Nasa to launch mission to unravel sun's secrets

The US space agency hopes the mission — scheduled for February 9 from Space Launch Complex-41, Cape Canaveral AFS, Florida — will help understand the causes of extreme solar activities such as sun spots and solar winds and flares.

According to Nasa, after its launch, the Solar Dynamics Observatory (SDO) will spend five years in orbit trying to discover how such solar phenomena are created.

By understanding those activities, the scientists hope they will be able to produce reliable forecasts of “space weather” and provide advance warnings of any threat, “The Sunday Times” reported.

Scientists have long said that solar disturbances on the sun can trigger dangerous x-rays, charged particles and magnetic fields that can disrupt power supplies, communication signals and aircraft navigation systems on earth.

“It is Nasa’s first weather mission and it aims to characterise everything on the sun that can impact on the earth and near earth,” said project scientist Barbara Thompson.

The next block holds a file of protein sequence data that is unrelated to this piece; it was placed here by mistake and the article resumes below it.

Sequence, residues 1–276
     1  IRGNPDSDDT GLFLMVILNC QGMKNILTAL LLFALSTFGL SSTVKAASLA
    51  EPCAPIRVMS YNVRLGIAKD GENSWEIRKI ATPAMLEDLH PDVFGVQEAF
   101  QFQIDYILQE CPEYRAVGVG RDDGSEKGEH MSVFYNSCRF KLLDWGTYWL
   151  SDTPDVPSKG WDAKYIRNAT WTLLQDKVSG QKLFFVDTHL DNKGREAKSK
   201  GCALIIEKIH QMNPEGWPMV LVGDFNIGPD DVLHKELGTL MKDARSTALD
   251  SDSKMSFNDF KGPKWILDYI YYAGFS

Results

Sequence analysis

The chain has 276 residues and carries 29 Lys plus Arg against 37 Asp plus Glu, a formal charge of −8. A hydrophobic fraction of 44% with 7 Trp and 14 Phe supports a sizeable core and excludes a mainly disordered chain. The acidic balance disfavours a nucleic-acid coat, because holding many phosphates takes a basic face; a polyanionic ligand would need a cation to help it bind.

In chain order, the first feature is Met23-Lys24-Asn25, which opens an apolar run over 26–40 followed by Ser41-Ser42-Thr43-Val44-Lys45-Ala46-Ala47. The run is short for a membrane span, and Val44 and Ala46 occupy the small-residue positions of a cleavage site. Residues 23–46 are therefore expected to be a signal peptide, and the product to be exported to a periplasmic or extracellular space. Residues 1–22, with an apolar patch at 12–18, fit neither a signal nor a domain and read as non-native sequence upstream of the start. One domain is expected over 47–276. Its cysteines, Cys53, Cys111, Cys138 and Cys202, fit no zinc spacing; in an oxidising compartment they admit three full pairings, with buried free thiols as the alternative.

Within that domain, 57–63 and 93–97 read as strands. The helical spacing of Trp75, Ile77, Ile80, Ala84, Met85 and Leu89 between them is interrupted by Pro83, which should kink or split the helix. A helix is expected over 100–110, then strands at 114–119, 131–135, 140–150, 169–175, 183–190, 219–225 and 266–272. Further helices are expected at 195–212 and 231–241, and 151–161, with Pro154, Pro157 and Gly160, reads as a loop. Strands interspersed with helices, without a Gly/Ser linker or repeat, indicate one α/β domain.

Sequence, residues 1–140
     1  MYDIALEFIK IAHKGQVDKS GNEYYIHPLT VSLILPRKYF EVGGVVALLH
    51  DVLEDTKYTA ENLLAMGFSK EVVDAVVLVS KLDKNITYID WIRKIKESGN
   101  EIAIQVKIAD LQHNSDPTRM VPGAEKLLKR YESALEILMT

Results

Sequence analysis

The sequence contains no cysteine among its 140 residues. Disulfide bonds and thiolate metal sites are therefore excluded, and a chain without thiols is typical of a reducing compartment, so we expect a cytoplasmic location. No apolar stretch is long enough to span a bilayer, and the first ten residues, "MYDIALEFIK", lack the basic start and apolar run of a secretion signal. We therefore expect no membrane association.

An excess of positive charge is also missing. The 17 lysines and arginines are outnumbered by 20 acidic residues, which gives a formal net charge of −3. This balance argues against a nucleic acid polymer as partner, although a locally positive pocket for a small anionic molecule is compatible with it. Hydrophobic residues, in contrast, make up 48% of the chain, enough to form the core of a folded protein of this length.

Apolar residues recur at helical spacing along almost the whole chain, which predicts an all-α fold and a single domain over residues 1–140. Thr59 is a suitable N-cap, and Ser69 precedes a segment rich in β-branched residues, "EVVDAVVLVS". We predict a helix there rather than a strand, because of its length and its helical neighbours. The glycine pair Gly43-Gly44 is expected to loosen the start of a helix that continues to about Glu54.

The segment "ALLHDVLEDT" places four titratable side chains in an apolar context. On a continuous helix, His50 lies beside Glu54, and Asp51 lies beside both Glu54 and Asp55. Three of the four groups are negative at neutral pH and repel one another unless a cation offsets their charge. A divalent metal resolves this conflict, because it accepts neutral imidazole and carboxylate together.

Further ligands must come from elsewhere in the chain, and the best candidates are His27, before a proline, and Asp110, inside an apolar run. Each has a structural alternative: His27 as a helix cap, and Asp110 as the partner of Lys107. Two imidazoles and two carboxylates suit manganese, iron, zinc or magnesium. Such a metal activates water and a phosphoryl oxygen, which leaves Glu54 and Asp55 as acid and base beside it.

“We know things happen on the sun which affect spacecraft, communications and radio signals. If we can understand the underlying causes of what is happening then we can turn this information into forecasts.”

The key thing about the mission, Thompson said, is that it is not just pure science for its own sake. “There is likely to be a direct and immediate benefit for people.”

Orbiting the earth at a distance of 22,300 miles, the observatory will measure fluctuations in the sun’s ultraviolet output, map magnetic fields and photograph its surface and atmosphere.

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